Daney Parker, Editor, PRmoment.com
When it comes to the PR tactics of Prince Harry, Duke of Sussex compared with those of The Royal Family, they both take completely different approaches. Sharing everything versus saying nothing at all. As to which tactic will work best in the long term, time will tell. Here PRs discuss who they believe is currently winning over the hearts and minds of the media and the public.
The Royal Family
Anita Champaneri, managing director at agency Delicious PR: “The Netflix documentary was fantastically well made. The unprecedented information was gold dust and deny it all you want, knowing the secrets of the inside of the Royal Family is many people’s guilty pleasure. Public approval for the Sussexes was increasing, and so were the PR points, we loved the Royal love story and understood the viciousness of the tabloid press acting like baying wolves who took away Harry’s mother.
“But then quickly came the book Spare with loads of parting shots against the Royal Family, and it’s here that the sympathy started to wane. The tabloids picked apart the book to give us salacious tittle-tattle headlines which the public fell for. Nothing was in context and the PR pendulum swung back to the Windsors. They are winning the war, but they shouldn’t be. Don’t read the 50 books about them, but not written by them, read Harry’s words before judging.”
Laura Salvage, senior manager at stakeholder solutions firm Penta: “Despite the tell-all autobiography, including accusations of physical attacks by Prince William and an allegation of being ‘sacrificed’ on the ‘PR altar’ by Camilla, the Queen Consort; and despite the prince embarking on a ‘family vituperation’, data shows UK public support for the royal family is holding firm, whilst Prince Harry’s popularity hit a new low ”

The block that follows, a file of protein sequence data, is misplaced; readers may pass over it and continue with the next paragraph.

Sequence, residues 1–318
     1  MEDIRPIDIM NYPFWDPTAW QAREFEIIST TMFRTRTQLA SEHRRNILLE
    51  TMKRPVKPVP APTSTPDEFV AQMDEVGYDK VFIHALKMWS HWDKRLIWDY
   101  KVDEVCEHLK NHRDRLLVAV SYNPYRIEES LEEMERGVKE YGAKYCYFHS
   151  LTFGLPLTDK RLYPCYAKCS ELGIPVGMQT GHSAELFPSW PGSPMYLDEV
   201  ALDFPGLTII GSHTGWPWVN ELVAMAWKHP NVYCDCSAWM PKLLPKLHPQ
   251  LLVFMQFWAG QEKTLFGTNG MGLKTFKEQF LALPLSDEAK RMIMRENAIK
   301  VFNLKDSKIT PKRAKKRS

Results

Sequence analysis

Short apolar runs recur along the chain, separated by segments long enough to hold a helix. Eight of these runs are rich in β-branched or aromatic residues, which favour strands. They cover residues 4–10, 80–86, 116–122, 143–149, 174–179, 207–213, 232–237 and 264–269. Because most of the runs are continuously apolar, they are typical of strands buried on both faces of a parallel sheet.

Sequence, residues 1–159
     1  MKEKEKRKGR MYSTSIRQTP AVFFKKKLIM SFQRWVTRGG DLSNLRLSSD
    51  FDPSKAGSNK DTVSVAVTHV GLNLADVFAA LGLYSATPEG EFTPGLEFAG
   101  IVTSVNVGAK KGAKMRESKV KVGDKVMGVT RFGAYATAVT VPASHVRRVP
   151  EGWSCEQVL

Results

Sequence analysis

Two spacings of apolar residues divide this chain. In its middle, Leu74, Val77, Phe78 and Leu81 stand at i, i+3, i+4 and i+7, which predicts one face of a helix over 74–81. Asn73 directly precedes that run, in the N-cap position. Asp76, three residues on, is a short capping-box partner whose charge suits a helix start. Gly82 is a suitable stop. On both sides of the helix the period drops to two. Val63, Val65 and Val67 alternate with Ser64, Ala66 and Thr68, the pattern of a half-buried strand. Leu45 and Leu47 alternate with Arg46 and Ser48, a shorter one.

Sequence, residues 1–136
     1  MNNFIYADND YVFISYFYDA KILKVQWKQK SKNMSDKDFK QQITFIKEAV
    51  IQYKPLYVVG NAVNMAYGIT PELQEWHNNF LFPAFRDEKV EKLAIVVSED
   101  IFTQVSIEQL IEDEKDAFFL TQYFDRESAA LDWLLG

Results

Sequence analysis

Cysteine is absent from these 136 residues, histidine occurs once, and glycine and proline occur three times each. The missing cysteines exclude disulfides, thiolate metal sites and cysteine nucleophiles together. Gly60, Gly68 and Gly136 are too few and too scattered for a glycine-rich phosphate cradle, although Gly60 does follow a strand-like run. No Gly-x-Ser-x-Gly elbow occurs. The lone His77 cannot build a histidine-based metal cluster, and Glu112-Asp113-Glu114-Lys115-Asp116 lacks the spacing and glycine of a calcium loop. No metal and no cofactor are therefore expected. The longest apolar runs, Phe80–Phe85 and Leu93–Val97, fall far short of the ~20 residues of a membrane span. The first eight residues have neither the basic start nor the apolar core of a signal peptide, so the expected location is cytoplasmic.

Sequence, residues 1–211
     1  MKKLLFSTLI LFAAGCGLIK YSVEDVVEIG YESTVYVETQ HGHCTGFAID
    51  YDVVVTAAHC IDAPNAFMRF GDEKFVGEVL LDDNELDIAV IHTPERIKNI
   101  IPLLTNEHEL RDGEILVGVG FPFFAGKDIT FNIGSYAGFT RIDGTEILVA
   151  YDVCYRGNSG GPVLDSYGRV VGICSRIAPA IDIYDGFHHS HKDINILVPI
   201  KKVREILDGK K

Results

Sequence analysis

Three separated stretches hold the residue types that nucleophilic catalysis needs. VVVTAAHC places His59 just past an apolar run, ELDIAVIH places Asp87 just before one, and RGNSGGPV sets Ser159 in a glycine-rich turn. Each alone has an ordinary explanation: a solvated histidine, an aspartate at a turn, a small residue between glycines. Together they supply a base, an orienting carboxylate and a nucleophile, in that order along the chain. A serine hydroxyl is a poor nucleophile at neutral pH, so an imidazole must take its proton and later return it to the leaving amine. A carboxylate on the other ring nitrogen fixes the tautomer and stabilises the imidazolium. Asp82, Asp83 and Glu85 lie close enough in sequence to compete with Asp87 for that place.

Liz Churchman, client service drector at B2B PR agency EC-PR: “The media circus around the release of Spare, has been quite something. It seems every page has contained another juicy nugget for the media to report on.
“With Harry’s interviews to accompany the book’s release, it’s clear that he has been desperate to get his point of view across, but felt censored by the Royal Family and their supposed rules on media relations.
“For me, this emphasises the difficult scenarios PR teams and business leaders face when trying to control a narrative too closely.
“There’s a clear difference between providing guidance and empowering people to speak to the media and telling them they must never speak or share their views.
“Whilst it can feel riskier from a PR perspective to enable the former, the latter can build resentment and anger if your PR team is not prioritising a particular part of the business someone is passionate about, or they feel they are left unable to share their own views.
“And so, I would argue that empowering people and enabling them to speak their truth with solid PR guidance and support, in the long term is the more effective approach.”
Ryan Sketchley, editorial strategist at agency WE Communications: ”Harry has clearly been very selective about the US media outlets that he has decided to speak to - The Late Late Show, Good Morning America and 60 Minutes are all iconic US media brands in their own right, so he clearly feels they will add some legitimacy to the narrative he is trying to tell. That 75% of the media interviews he has given are with US outlets is symbolic, consciously or otherwise, that is life is largely on the other side of the Atlantic. Selecting Tom Bradby for the UK interview, who attended both Princes’ weddings and has been notably neutral throughout the whole affair, is perhaps a coded message that his talk of hope for reconciliation is more than just lip service and that he is keen to keep dialogue open with the sections of the UK media where the relationship isn’t totally toxic.’
Grig Richters, CEO of global communications agency XWECAN: